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Welcome to the presentation on World Fair TradeGroup members :Pankaj Kumar Mallick (mds-141503)Debabrata MAHALDER (mds-141533)Md. Khairul Islam Rony (mds-141544)MDS Khulna University Session :2014-15

"Fair Trade is a trading partnership, based on dialogue, transparency and respect, that seeks greater equity in international trade. It contributes to sustainable development by offering better trading conditions, and securing the rights of marginalized producers and workers .

They backed by consumers are engaged actively in supporting producers awareness raising and in campaigning for changes in the rules and practice of conventional international trade."They can be recognized by the WFTO logo.2Introduction

3The first attempts to commercialize fair trade goods in Northern markets were initiated in the 1940s and 1950s by religious groups and various politically orientednon-governmental organizations(NGOs).Ten Thousand Villages, an NGO within theMennonite Central Committee(MCC) andSERRV Internationalwere the first, in 1946 and 1949 respectively, to develop fair trade supply chains in developing countries.The products, almost exclusively handicrafts ranging fromjutegoods tocross-stitchwork, were mostly sold in churches or fairs. The goods themselves had often no other function than to indicate that a donation had been made.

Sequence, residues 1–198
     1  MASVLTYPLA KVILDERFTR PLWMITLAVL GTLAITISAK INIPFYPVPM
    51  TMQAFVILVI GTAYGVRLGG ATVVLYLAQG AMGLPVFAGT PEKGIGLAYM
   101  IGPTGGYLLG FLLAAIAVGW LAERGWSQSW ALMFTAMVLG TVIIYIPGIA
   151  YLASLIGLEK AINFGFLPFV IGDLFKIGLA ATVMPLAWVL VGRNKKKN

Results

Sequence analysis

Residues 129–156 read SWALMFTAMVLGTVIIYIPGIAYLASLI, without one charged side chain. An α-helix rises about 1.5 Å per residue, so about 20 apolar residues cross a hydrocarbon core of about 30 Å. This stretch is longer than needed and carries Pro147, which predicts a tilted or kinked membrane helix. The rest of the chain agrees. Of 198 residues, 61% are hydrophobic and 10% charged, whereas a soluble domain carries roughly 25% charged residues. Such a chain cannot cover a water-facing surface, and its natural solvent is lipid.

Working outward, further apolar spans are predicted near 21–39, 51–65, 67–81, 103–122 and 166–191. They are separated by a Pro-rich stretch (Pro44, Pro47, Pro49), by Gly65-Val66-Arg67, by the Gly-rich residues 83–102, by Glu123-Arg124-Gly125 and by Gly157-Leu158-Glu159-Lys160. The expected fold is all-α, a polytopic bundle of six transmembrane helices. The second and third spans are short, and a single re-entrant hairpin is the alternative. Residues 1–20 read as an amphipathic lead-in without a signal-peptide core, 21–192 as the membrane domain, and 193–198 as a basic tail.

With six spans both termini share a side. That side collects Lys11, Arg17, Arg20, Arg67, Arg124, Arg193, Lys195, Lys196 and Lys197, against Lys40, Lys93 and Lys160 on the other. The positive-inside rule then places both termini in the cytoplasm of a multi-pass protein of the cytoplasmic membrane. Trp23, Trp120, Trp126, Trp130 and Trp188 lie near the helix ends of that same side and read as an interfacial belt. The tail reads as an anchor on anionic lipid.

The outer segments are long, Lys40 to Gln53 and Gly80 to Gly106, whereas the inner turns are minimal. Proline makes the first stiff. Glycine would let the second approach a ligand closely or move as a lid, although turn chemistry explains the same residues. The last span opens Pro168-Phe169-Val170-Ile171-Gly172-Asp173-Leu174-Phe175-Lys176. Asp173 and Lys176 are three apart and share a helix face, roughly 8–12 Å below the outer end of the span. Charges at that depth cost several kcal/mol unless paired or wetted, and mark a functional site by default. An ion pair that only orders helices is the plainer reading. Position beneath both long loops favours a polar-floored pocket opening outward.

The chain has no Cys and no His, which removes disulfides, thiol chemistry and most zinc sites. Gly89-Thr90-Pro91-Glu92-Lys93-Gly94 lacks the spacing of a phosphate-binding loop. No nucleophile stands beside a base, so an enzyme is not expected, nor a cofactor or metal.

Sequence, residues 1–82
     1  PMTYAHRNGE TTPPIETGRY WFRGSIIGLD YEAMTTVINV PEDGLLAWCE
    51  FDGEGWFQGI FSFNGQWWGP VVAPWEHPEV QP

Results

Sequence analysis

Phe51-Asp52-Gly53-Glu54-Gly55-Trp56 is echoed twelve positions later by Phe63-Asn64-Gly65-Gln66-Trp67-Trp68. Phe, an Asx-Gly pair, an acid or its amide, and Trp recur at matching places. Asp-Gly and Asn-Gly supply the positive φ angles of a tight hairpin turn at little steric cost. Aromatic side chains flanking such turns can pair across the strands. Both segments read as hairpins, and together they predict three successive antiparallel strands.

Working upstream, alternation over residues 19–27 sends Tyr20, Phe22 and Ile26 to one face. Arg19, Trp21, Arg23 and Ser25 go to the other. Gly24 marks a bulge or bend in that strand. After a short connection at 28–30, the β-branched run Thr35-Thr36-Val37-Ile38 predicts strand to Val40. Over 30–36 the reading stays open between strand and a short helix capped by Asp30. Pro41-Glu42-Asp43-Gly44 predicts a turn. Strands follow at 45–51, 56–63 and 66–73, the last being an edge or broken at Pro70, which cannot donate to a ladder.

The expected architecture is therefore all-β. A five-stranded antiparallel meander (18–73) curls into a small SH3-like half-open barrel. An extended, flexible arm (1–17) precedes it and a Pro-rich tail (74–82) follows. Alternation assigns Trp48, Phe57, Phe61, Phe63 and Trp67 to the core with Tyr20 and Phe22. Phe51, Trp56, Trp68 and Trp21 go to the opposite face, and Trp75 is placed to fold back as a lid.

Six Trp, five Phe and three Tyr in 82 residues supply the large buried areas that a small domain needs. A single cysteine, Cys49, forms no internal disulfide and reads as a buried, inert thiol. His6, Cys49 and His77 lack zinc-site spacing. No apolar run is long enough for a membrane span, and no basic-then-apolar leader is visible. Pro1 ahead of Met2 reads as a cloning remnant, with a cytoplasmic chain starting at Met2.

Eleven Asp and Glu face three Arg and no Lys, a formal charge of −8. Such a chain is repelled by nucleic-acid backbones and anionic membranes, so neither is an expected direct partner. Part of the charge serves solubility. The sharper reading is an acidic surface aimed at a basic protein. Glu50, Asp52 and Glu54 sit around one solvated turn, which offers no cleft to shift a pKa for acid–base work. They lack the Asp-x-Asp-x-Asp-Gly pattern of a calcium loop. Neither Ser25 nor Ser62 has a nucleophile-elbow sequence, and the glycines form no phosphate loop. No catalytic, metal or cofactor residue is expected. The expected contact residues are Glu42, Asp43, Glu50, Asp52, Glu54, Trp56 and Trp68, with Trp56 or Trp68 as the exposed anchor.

The current fair trade movement was shaped in Europe in the 1960s. Fair trade during that period was often seen as a political gesture against neo-imperialism: The slogan at the time, "Trade not Aid", gained international recognition in 1968 when it was adopted by theUnited Nations Conference on Trade and Development(UNCTAD) to put the emphasis on the establishment of fair trade relations with the developing world.

History

Fair tradeis developed byan informal association of four international fair trade networks: 1.Fairtrade Labelling Organization, 2.World Fair Trade Organizations (WFTO), 3.Network of European Worldshops and 4.European Fair Trade Association (EFTA)4Fair trade Formation

Fair Trade is more than just trading:It proves that greater justice in world trade is possible.It highlights the need for change in the rules and practice of conventional trade and shows how a successful business can also put people first.It is a tangible contribution to the fight against poverty, climate change and economic crisis.5Functions of Fair Trade